Last week Sen. Tom Carper of Delaware (right) and Rep. Jackie Speier of California, both Democrats, introduced companion bills in their respective chambers to limit the amount of amount of financial aid money for-profit colleges can derive from soldiers and veterans.
According to a press release by Senator Carper’s office:
The bill, the Military and Veterans Education Protection Act (MVEP), would modify the current 90/10 financial aid formula used by for-profit colleges to ensure federal funding utilized through the Department of Veterans Affairs’ (VA) Post-9/11 G.I. Bill and the Department of Defense’s (DOD) Tuition Assistance program is counted as federal dollars rather than as private dollars.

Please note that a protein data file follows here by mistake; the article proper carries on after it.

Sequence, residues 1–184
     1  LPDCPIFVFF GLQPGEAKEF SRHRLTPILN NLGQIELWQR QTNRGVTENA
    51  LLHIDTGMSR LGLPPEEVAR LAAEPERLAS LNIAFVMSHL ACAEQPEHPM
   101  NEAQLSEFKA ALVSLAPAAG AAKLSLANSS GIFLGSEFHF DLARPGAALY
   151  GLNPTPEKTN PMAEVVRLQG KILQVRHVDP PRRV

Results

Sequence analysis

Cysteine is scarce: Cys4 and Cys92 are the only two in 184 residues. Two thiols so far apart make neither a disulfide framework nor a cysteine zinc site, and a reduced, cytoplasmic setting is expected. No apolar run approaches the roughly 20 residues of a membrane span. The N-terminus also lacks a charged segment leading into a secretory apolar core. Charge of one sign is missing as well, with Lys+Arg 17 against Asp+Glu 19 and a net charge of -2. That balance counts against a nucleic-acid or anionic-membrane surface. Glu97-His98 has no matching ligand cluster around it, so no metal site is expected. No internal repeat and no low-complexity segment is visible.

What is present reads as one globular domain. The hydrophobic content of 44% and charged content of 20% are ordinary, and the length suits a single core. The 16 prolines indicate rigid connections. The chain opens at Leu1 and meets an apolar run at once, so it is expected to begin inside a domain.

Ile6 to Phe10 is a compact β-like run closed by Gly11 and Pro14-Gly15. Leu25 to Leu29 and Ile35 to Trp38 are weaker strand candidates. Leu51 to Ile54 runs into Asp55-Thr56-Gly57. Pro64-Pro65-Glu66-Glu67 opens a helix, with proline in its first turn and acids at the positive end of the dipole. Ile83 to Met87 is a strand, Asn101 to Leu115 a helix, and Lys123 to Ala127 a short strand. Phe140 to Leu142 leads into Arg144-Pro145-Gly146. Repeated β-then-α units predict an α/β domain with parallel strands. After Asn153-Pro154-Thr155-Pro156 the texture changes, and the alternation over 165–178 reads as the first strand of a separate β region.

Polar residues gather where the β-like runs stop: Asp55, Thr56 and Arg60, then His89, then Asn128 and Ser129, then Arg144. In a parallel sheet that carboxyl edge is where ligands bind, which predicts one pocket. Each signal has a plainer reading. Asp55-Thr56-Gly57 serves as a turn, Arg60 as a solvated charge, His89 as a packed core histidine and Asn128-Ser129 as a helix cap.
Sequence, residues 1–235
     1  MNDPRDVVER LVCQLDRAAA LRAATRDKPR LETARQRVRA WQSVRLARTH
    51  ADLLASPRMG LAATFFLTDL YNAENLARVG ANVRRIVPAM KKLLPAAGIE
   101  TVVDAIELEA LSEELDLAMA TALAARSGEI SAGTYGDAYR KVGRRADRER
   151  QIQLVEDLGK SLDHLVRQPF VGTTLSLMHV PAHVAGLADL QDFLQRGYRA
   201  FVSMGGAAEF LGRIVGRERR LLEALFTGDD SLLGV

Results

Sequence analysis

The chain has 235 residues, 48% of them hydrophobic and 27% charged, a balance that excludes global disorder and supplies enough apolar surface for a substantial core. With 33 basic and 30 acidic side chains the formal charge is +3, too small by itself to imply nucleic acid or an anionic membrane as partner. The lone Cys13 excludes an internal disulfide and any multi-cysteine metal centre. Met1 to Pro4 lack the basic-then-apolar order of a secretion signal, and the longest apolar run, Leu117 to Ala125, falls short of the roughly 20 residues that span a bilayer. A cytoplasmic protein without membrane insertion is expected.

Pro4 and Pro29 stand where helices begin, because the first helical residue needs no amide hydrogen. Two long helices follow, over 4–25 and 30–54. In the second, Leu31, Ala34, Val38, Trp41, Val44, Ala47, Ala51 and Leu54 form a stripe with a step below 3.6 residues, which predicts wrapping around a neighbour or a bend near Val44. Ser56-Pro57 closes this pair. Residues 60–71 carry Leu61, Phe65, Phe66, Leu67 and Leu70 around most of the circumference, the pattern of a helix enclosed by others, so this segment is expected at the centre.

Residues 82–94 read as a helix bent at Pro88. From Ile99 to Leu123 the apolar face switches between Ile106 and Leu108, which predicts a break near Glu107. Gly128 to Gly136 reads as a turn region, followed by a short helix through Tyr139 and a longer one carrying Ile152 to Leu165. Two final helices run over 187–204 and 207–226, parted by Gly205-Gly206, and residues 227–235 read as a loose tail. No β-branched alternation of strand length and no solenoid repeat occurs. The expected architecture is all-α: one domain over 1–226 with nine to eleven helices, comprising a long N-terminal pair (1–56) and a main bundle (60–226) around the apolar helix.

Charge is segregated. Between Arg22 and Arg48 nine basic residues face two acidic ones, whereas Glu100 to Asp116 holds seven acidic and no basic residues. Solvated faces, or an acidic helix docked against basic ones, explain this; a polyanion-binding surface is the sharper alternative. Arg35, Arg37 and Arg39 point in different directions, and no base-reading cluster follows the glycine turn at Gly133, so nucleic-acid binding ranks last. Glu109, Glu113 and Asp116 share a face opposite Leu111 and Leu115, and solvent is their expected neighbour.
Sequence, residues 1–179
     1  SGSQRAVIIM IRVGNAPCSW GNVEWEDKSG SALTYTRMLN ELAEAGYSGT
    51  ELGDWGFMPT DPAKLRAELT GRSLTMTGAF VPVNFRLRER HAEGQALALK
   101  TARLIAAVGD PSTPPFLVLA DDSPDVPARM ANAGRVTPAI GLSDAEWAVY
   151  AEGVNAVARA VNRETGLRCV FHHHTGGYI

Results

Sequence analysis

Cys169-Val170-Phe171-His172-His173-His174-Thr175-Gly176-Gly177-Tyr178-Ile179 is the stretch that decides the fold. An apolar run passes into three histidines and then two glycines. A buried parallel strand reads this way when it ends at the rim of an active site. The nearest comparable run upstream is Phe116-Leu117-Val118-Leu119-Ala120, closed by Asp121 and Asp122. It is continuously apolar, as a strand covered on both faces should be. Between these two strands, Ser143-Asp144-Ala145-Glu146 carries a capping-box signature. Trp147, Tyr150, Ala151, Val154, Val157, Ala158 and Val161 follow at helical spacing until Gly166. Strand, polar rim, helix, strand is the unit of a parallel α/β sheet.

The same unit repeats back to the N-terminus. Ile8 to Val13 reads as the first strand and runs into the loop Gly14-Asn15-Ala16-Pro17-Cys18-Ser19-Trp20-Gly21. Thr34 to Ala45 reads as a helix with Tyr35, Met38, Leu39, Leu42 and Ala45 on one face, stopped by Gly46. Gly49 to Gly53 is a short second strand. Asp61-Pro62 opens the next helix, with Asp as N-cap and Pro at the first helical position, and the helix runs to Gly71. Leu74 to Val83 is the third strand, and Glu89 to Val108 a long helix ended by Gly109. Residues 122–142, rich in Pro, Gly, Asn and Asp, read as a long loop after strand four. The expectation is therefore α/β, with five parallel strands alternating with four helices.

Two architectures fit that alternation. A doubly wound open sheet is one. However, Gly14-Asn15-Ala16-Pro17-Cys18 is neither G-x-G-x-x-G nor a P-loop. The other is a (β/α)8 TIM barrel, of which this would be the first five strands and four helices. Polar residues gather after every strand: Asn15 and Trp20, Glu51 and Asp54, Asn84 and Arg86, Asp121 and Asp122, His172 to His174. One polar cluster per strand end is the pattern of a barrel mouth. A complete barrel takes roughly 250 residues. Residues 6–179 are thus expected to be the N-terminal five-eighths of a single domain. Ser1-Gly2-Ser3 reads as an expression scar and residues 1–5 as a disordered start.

Under current rules, for-profit colleges are not allowed to derive more than 90 percent of their revenues from federal financial aid. But veterans’ benefits and payments from the military’s tuition assistance program don’t count as federal financial aid. Because of this, many critics argue that for-profit schools are deliberately enrolling unprepared soldiers and veterans into their programs. Enrolling soldiers and veterans not only allows for-profits to avoid sanctions for making too much money off traditional financial aid, it also enables them to enroll more traditional students.
As Adam Weinstein wrote in Mother Jones last year the federal government’s military education money “has… become a cash cow for for-profit schools like Capella, DeVry, ITT Tech, Kaplan, and the University of Phoenix, eager to capitalize on vets coming back from Iraq and Afghanistan.”
This new effort follows a bill introduced by Illinois Democrat Sen. Dick Durbin in January to change the 90/10 formula. Under Durbin’s proposed change, for-profit colleges would only be allowed to derive 85 percent of their revenue from federal financial aid.